I realize working in the US as FM is an option (for most locations, it would be much more money for less work), though tricky because I would require a visa. As of late, I have been considering it seriously, but worry that I would not be able to adapt back to the US system with all its nuances - documentation, CYA, insurance, ICD10, and so forth.

To answer your other question, I may also be interested in subspecializing.
 
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Obnoxious Dad

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OP,
You are the poster child for Americans who oppose giving away any residency slots to foreign physicians while there are Americans either SOAPING or not matching at all. You have already trained in the US at a cost of approximately $400,000 to the US taxpayers, gone home and found your job boring and now you want to soak up another US residency slot. I have two suggestions for you. Either get used to the job you have or come to the US and practice as a family physician here. Please stop mooching off us.
 

itisme123

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OP,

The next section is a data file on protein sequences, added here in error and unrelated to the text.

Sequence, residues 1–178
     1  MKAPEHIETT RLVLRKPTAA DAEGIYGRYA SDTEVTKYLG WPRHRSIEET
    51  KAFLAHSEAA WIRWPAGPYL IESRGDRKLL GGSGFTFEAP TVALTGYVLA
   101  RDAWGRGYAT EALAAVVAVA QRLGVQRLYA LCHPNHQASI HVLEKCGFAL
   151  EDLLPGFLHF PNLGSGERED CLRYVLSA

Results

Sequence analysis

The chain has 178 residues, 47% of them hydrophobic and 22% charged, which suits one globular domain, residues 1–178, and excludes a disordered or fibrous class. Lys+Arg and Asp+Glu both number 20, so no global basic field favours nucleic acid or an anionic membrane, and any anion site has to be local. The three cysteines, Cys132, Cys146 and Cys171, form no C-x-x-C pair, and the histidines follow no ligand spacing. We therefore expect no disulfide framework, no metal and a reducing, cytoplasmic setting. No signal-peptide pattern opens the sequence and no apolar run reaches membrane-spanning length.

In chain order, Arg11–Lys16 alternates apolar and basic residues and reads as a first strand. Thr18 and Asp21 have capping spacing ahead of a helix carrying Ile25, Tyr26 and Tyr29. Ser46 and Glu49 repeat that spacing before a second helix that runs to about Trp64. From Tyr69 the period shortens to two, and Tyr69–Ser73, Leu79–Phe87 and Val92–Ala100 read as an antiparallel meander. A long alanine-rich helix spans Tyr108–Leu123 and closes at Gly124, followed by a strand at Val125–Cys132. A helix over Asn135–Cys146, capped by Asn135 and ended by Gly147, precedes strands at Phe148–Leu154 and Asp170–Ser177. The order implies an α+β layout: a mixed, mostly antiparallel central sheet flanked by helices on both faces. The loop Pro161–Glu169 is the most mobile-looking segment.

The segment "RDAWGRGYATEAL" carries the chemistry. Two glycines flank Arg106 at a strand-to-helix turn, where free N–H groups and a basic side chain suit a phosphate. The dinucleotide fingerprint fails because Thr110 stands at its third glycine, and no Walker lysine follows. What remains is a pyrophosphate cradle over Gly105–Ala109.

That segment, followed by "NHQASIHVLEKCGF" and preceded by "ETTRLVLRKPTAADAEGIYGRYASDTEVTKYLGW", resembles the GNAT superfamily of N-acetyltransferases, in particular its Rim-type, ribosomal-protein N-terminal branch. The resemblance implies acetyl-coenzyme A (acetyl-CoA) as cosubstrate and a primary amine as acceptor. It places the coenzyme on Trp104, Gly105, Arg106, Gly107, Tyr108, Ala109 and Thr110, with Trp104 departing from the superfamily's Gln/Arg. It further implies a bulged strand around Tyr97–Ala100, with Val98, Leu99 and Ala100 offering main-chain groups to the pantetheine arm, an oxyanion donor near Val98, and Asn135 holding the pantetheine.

You are the poster child for Americans who oppose giving away any residency slots to foreign physicians while there are Americans either SOAPING or not matching at all. You have already trained in the US at a cost of approximately $400,000 to the US taxpayers, gone home and found your job boring and now you want to soak up another US residency slot. I have two suggestions for you. Either get used to the job you have or come to the US and practice as a family physician here. Please stop mooching off us.

Is it not a bit hypocritical for you to first complain about me, then go on to say you want me to practice in the US? To carry the torch, one might then go on to complain about you in that by encouraging me to move to the US, you were taking work away from American physicians by encouraging me to practice in the US.